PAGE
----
The American yellow perch is among the Percidae family of freshwater fish, along with the walleye, zander and silver perch. This fish family is easy to spot: the first dorsal fin is spiny, while the second is soft. The yellow perch is paler than other types of perch and has a yellow tinge to its scales. This fish turns out well if you grill, roast or bake it. However, since yellow perch is a small fish, pan-frying works especially well. In cooking lingo, yellow perch is sometimes referred to as a “panfish.”
Combine ¼ cup yellow cornmeal, ¼ cup flour, 1 tsp. rosemary, 1 tsp. sage, 2 tsp. pepper, 2 tsp. salt and 1 tsp. garlic powder in a shallow dish to create a fish coating. Mix the ingredients well.
Dredge each of your perch fillets in the fish coating. Cover the fillets completely.
Pour ¼ cup peanut oil into a pan heated on high. Add the perch fillets when oil begins to smoke. Place the fish skin side down.
Sautee your fillets for three minutes. Turn your yellow perch over and cook for an additional 30 seconds, or until the perch flakes with a fork.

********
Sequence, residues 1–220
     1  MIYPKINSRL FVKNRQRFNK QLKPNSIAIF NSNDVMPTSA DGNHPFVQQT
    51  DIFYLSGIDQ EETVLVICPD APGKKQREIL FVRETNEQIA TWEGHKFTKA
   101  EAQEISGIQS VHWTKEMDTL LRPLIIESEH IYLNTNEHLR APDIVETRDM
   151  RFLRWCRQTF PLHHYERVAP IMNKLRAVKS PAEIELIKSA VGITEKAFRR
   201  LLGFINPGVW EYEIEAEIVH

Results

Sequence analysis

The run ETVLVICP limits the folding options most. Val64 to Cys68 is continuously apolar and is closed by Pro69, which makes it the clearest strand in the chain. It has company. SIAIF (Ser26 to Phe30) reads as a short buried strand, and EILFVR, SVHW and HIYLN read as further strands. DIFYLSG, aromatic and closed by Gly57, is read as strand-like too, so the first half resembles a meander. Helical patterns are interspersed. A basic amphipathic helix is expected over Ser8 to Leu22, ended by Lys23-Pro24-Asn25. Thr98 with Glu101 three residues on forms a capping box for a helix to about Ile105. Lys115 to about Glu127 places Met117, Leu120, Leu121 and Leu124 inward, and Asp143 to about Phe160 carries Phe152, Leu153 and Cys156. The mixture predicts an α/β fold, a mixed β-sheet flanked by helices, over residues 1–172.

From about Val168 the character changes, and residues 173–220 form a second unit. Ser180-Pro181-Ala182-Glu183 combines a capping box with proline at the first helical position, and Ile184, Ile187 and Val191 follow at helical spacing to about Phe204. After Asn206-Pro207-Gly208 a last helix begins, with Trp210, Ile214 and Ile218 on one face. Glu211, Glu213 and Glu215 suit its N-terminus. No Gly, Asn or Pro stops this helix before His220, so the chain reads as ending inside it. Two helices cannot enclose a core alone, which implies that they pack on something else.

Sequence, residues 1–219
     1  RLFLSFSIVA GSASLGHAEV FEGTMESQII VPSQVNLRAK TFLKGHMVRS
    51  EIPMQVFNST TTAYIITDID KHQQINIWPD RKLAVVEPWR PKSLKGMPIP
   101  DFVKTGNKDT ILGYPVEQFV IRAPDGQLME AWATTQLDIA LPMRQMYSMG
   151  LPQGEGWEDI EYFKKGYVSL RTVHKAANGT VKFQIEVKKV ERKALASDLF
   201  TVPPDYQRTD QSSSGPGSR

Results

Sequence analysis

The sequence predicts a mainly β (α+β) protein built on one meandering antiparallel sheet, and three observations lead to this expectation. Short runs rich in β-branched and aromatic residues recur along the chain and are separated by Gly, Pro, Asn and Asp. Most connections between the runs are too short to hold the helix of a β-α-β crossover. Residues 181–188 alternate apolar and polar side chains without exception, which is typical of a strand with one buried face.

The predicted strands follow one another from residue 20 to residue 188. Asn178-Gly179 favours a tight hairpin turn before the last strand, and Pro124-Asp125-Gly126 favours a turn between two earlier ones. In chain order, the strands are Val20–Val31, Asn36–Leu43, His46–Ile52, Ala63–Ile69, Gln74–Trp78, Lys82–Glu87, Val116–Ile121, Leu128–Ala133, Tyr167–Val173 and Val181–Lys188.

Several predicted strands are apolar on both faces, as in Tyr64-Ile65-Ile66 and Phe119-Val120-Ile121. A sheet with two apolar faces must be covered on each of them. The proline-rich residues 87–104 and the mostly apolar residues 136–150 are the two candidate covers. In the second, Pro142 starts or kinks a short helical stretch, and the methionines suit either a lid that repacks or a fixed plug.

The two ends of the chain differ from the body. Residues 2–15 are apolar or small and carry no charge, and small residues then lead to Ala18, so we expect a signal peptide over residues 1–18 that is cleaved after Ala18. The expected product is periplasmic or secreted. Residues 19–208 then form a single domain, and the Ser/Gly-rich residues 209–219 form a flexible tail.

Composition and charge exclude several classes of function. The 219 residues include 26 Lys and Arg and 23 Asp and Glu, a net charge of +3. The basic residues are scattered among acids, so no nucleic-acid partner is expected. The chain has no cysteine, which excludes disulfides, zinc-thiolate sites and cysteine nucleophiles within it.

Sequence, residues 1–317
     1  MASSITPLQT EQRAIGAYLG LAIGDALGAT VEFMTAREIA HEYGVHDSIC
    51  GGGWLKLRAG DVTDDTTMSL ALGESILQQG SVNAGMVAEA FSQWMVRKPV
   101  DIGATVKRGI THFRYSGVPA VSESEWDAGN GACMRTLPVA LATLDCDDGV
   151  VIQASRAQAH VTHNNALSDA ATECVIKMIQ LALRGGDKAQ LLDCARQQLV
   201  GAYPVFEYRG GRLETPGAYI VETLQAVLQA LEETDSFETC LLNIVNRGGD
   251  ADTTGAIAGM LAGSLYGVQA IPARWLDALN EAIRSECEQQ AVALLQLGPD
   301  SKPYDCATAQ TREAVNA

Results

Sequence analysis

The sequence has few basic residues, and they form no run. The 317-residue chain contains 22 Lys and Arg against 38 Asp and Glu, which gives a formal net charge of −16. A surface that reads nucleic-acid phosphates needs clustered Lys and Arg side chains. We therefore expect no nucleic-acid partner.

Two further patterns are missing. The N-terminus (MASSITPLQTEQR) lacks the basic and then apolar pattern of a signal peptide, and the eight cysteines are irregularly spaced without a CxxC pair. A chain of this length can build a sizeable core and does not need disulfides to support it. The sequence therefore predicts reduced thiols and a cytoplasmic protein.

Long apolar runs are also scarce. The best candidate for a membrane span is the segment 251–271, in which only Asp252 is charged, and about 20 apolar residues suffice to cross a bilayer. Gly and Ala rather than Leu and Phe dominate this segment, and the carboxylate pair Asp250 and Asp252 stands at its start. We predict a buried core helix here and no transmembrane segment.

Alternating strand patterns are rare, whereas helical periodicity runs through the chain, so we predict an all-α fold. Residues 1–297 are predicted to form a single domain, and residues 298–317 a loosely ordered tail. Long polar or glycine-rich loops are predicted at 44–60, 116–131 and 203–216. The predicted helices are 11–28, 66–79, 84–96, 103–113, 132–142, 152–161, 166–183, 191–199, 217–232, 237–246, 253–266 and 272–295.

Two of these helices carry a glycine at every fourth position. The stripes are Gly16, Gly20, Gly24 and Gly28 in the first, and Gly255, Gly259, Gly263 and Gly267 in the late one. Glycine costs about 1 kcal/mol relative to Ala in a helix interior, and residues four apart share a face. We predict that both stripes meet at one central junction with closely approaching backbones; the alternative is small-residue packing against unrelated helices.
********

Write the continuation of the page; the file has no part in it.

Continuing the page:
Remove the fish from the pan. Place 4 tbsp. butter and 1 tbsp. lemon in the pan. Stir as the butter melts to loosen any dredgings that are stuck to the pan. Pour the mixture over your fish. Serve your yellow perch with lemon wedges.
- “The Illustrated Cook’s Book of Ingredients”; D.K. Publishing; 2010
- “The L.L. Bean Game and Fish Cookbook”; Angus Cameron and Judith Jones; 1983
- “Seafood”; C. J. Jackson; 2011
- "Field and Stream" magazine; Sweet and Sour Perch; Mike Bleech; February 2000
- “A Good Catch”; Jill Lambert and David Suzuki; 2009
Linda Tarr Kent is a reporter and editor with more than 20 years experience at Gannett Company Inc., The McClatchy Company, Sound Publishing Inc., Mach Publishing, MomFit The Movement and other companies. Her area of expertise is health and fitness. She is a Bosu fitness and stand-up paddle surfing instructor. Kent holds a bachelor's degree in journalism from Washington State University.